For this month's ITL Focus, on customer experience, Editor-in-Chief Paul Carroll talked with Jay Baer, a guru on the topic whom Paul has known for years. Jay has consulted frequently on the topic, has written any number of books and is a sought-after speaker. He is always insightful and never dull.
Would you start us off by walking us through what you see as the most important components of customer experience, and how insurers stack up on them?
Some insurance organizations like Lemonade are really built for speed – like the time they processed a claim in three seconds using AI. Then you have your legacy insurance folks, who are certainly not doing that, even though research suggests that speed is now the most important criterion of customer experience. Two-thirds of customers now say speed is as important as price.
A lot of the trends that we see, whether it's work from home or employees demanding flex timing and parental leave, are actually the same trend, which is that we care more about time and how we spend it than we used to.
Empathy is also sometimes not the strong suit of the insurance business. Personalization is important, too, and certainly some insurance organizations do a better job than others of treating policyholders as if they are unique individuals and not just a policy number.
The fourth one is clarity. Customers just want to know what is going on. And this is an area where insurance really has some improvements to make. In my work, I call it the uncertainty gap. The uncertainty gap is the difference between what you know about your business and what the customer knows about your business.
I think insurance and healthcare probably show the two biggest uncertainty gaps. Insurance professionals know a lot about how insurance works and why things are done a certain way and actuarial tables and all of those things, and your average insurance customer, whether it's consumer or business, doesn't know anything about anything.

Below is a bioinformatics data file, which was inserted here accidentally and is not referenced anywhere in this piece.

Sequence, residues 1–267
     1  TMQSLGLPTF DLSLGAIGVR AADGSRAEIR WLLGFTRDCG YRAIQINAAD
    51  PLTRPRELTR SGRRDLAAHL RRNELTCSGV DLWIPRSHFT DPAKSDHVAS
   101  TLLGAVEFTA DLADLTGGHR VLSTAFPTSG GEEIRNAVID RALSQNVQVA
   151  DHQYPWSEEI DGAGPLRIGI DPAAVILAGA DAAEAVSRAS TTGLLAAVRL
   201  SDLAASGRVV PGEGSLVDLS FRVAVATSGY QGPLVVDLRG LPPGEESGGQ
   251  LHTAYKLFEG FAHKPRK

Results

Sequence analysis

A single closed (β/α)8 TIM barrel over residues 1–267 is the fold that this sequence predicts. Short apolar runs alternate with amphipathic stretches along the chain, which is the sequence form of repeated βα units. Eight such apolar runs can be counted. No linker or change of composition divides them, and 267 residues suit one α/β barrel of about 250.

That gap creates a lot of anxiety, but most insurance companies, whether they're big companies or even individual brokers, generally take the tack of, “Well, it's pretty complicated, so we're just not going to tell you, because you won't understand, anyway.”
I do think insurance has some inherent issues just because it’s so complicated, but I agree that Lemonade has done a good job of putting a pleasant front end on all the contractual language. What should other insurers be doing?
You need to create what I call a “coveted customer” experience. That buys you something that we routinely overlook but that is incredibly important. It buys you the benefit of the doubt. Because in every business – it doesn't matter if you're an insurer or an airline or a restaurant -- eventually something's going to go less than perfectly. You don't want that mistake or inadequacy to be the straw that breaks the customer’s back, making them say, “I never did like those guys.” What you want, instead, is, “They’ve overdelivered so often in the past that I'm going to overlook this mistake.
The “coveted customer” experience establishes a relationship where price and perfection are no longer required. But you've got to exceed expectations often enough and palpably enough to create that experience.
You’re on a roll….
Customer experience doesn't actually exist. It's fake. We made it up. We treat customer experience in business as if it's a knob you can turn or a switch you can flick. It is often referred to as if it is a holistic business construct, but customer experience is not a thing.